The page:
You are here

Articles: Software

Thanks to a concept called the Internet of Things, anything—really, anything—can and will be hooked up to a network.

While little pockets of IoT are springing up in higher ed—both in the form of institution- and student-owned devices—campuswide installations are predicted to be a few years away. That’s not an excuse for sitting back and waiting for smart coffee makers to pop up in every residence hall, however.

More than 1,100 campus tech leaders and innovators from across the nation flocked to Las Vegas for the June 6-8 event, descending upon The Mirage Convention Center for three days of insight and inspiration.

Before a campus goes virtual, there are real issues to consider.

Virtual desktop technology allows students and staff to access sophisticated software on a laptop or mobile device. It also can strengthen network security and lower expenses by reducing the need for actual computers and lab space on campus.

The University of Central Florida, a campus of 60,000, decided to virtualize applications rather than entire desktops.

UCF Apps lets users access the specific software needed for coursework. After downloading and installing a Citrix receiver client, students can log in and get the apps that have been provisioned to their account based on their area of study.

In regard to desktop virtualization, what aspects of implementation do higher ed institutions tend to overlook?

“It’s easy to overlook security when implementing new technologies, and a good example of this is desktop virtualization. It’s an efficient way to deploy the same functionality across multiple machines, however, you’ll most likely need to adjust security practices to fit the new virtual environment.”

—Slawek Ligier, vice president of Security Engineering, Barracuda

Portfolio providers: What are some uses for ePortfolios that you believe aren’t as common at colleges as they should be?

“We’d like to see more colleges using ePortfolios with guided learning pathways through a program or institution to assess learning at key points. The full potential for ePortfolios to encourage more integrative, deeper learning won’t be realized without a deliberate plan, ongoing assessment and higher stakes (such as program completion or graduation).”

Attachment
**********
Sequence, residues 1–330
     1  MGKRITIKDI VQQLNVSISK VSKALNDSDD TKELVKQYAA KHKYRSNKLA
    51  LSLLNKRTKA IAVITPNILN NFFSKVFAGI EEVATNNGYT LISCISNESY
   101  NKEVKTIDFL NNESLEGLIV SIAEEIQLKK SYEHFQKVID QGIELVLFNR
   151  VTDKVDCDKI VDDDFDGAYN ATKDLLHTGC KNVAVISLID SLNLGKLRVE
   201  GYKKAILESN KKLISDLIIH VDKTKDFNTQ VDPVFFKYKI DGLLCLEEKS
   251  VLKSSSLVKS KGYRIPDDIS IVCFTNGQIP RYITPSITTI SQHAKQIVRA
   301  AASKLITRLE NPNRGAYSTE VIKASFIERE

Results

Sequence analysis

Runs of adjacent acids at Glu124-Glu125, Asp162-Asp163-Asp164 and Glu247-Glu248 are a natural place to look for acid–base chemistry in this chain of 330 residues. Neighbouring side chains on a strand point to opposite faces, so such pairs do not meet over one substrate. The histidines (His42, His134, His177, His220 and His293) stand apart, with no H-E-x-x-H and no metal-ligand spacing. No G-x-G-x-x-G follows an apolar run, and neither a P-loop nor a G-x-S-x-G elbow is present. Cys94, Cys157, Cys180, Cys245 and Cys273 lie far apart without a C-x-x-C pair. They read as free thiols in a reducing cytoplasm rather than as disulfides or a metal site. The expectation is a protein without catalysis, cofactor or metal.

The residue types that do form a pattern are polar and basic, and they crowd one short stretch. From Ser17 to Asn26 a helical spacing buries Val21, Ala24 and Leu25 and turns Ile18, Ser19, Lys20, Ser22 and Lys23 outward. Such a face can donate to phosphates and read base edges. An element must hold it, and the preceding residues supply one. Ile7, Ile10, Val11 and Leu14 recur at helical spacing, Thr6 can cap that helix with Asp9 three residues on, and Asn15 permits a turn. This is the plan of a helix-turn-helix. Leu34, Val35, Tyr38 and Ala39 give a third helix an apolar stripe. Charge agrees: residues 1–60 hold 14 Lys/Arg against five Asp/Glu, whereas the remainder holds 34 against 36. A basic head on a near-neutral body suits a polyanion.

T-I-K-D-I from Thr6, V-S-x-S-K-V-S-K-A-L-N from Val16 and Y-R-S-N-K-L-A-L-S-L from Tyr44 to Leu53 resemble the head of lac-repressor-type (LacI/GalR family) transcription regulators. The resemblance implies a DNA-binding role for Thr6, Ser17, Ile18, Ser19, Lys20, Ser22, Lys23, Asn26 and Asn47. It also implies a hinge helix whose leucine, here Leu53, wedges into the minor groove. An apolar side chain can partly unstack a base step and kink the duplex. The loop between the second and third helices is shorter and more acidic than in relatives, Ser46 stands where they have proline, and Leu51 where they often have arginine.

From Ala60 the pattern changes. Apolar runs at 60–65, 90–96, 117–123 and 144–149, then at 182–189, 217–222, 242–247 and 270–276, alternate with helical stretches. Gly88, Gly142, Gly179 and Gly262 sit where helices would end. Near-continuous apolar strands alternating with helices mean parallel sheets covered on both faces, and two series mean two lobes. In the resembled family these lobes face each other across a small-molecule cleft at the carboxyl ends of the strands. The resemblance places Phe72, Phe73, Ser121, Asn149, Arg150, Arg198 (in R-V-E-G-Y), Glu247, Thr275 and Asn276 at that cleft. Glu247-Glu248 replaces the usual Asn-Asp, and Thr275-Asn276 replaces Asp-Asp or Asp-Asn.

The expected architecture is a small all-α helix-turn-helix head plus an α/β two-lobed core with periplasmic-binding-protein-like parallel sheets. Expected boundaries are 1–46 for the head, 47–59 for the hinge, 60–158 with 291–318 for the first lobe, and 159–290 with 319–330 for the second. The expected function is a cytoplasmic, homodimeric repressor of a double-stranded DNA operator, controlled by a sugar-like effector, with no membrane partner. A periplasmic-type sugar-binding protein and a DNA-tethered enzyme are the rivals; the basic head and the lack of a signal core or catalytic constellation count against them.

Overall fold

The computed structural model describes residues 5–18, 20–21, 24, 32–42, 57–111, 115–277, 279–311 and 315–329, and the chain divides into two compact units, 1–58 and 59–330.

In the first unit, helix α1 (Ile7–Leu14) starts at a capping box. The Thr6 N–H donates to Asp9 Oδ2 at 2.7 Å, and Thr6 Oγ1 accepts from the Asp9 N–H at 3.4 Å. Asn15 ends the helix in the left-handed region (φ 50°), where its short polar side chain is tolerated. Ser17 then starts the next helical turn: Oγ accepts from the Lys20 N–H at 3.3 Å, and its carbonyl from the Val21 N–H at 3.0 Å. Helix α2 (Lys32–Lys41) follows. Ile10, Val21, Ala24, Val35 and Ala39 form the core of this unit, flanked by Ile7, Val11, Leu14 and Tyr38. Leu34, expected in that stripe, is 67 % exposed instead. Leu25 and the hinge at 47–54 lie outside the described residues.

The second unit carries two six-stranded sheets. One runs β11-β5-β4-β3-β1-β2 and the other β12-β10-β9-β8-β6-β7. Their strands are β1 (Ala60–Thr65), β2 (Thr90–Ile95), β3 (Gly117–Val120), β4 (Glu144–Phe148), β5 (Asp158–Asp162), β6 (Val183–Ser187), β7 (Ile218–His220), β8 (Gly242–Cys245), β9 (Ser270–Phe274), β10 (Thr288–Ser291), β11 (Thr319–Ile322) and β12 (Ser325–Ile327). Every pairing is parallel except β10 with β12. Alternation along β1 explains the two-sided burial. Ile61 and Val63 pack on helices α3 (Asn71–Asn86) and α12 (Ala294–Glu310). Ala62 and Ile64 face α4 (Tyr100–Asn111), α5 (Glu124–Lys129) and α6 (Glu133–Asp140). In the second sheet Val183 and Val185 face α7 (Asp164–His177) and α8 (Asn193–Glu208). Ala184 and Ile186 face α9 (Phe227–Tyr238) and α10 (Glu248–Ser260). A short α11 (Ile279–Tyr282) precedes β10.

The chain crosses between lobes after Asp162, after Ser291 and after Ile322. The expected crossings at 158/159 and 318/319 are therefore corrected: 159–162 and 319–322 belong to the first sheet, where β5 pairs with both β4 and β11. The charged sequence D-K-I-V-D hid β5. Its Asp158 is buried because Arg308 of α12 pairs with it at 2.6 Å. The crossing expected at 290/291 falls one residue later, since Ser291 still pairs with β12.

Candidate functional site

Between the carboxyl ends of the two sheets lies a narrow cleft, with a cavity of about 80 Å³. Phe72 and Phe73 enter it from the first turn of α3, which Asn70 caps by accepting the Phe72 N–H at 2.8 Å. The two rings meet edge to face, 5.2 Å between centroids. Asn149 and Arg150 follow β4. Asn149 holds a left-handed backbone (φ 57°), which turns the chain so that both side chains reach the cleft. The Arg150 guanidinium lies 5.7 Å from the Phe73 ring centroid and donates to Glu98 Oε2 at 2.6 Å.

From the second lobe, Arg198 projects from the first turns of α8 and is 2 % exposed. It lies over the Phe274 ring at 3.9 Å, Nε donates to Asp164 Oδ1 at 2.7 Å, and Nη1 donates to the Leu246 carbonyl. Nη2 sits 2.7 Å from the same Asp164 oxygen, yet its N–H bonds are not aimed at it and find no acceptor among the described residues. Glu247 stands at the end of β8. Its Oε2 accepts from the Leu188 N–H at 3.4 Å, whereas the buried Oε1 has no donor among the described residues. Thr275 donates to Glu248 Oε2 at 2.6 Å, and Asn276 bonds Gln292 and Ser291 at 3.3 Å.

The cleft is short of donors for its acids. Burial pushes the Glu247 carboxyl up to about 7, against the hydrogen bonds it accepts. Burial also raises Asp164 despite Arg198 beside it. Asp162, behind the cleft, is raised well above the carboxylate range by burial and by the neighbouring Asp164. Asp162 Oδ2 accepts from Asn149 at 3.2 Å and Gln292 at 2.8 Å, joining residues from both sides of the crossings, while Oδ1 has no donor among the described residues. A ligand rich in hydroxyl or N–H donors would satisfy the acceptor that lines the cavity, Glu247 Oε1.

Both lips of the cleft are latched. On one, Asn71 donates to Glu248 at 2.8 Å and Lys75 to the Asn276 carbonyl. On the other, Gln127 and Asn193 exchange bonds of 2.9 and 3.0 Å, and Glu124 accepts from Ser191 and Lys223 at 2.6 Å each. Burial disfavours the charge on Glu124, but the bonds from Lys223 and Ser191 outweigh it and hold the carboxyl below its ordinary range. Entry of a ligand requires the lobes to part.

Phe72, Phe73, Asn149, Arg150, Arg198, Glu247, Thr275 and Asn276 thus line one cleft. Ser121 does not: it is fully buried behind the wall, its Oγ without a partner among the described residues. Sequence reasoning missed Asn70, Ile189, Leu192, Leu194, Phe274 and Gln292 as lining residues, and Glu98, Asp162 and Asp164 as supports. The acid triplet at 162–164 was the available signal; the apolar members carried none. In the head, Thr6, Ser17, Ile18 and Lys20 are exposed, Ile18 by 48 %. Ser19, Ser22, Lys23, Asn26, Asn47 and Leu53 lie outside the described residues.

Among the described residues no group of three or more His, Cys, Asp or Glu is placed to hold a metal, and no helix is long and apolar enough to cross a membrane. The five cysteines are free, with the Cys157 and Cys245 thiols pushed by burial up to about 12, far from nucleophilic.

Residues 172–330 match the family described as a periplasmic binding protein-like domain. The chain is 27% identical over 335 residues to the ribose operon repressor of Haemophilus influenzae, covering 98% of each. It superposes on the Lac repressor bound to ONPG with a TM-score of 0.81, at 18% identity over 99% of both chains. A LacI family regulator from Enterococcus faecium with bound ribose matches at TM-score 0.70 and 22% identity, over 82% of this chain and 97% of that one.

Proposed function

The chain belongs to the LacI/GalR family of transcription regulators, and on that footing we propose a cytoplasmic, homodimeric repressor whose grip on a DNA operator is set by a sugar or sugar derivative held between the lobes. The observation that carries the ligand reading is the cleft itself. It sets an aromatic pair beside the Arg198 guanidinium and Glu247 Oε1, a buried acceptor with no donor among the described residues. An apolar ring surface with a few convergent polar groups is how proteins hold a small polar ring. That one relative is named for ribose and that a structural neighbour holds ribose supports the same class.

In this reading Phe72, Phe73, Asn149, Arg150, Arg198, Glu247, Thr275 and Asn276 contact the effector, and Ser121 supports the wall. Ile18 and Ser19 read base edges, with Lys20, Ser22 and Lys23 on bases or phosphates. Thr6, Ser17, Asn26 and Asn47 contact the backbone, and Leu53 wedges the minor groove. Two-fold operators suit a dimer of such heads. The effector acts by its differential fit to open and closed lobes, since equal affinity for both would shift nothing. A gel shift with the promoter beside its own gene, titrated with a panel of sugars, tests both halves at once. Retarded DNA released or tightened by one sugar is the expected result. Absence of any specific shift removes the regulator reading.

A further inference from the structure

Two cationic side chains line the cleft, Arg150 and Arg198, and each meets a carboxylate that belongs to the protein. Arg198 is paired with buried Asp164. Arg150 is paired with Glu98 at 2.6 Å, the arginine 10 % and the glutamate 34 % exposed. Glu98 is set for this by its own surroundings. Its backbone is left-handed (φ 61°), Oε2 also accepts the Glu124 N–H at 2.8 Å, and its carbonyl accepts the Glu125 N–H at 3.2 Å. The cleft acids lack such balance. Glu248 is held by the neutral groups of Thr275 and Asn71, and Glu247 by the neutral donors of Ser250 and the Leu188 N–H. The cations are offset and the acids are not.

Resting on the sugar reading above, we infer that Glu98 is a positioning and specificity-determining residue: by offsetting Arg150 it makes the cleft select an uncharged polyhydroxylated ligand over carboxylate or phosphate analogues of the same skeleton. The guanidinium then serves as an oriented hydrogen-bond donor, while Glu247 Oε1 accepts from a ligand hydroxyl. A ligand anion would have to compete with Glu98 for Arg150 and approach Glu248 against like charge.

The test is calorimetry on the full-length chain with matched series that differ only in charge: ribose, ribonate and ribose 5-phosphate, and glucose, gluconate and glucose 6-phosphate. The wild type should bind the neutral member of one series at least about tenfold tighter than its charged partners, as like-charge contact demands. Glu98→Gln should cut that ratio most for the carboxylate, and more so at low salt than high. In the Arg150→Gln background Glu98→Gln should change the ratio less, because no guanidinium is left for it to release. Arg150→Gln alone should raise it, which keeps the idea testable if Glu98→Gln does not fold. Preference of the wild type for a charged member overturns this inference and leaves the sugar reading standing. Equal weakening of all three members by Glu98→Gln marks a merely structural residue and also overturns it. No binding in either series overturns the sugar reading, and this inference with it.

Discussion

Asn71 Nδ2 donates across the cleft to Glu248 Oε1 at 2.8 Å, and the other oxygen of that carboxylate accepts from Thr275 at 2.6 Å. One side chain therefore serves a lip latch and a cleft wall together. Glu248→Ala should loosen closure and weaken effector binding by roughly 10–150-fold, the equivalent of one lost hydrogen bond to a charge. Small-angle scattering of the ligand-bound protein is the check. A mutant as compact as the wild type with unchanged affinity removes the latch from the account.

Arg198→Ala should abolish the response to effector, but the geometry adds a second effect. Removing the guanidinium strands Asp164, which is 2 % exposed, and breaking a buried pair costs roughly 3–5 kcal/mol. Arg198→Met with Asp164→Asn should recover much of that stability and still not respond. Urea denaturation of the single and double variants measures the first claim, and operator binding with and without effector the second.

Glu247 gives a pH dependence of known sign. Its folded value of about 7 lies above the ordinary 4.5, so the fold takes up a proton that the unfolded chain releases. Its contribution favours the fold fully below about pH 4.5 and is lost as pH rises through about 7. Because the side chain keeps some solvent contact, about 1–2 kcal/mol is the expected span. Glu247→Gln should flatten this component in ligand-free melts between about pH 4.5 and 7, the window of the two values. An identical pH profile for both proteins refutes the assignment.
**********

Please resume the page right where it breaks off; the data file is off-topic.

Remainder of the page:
—Webster Thompson, president, Taskstream

Kelly Walsh, CIO of The College of Westchester in New York, is a UBTech conference speaker. He writes the “Emerging Ed Tech” blog.

The growing availability of custom and commercial software applications allows colleges and universities to transform classroom laboratory experiences into virtual equivalents that offer advantages over their physical precursors.

Tony Ellis is vice president of industry advancement for the National Association of College Stores.

The traditional model of course content creation and distribution—textbooks written by faculty and publisher-produced—is being disrupted.

New digital players and learning content formats—such as courseware, open educational resources and adaptive (or personalized) learning—promise lower costs and better outcomes.

Michael R. Nelson, a professor of internet studies at Georgetown University and former White House staffer, will deliver at keynote speech at UBTech 2016 in Las Vegas.

Michael R. Nelson, a professor of internet studies at Georgetown University, says innovation is about much more than just a good idea. It requires finding new ways to combine existing ideas, products and services into something that people will want. At the heart of that process is collaboration.

Built in high-traffic areas around campus, The Zones at Boise State University have walk-up help desks where students can get their technology questions answered.

From stand-alone help desks to spaces in bookstores and other high-traffic areas, technology services are becoming more visible on college campuses. Many colleges and universities have modeled new help desks after the Genius Bar in Apple Stores.

Before switching to a new LMS, campus administrators should determine a learning strategy and the functions needed to support it.

Stable, reliable and adaptable. Those are the key descriptors for a successful learning management system. When the current LMS doesn’t provide a needed functionality, schools can often add new features or configurations to achieve the desired outcome. But in some cases, it’s time to scrap the old system.

UB Top Products

University Business is proud to announce this year’s Readers’ Choice Top Products. College and university leaders from across the country have nominated the products they are using to operate their institutions more efficiently and enhance students’ experiences.

From the professor’s podium, all the technology throughout the room can easily be switched back and forth for use.

College and university instructors across the country are incorporating technology into their classes with little effort. As classroom control systems have advanced, they’ve also become more user-friendly, making a wider variety of teaching methods possible.

Cutting-edge higher education institutions across the country are leveraging AV and IT technology to advance the learning experience on their campuses. Five of these institutions were honored at the 2014 AMX Innovation Awards, which were presented this past June at UBTech, higher ed’s leading national technology and leadership conference.

At Grand Valley State University, faculty are asked to write a script before using the video-hosting platform to record a lecture.

While video’s presence in higher learning is undoubtedly expanding, the frequency and extent to which it is being used varies widely—even within institutions. Here are best practices for effectively integrating video into course collections at the campuswide level.

Pages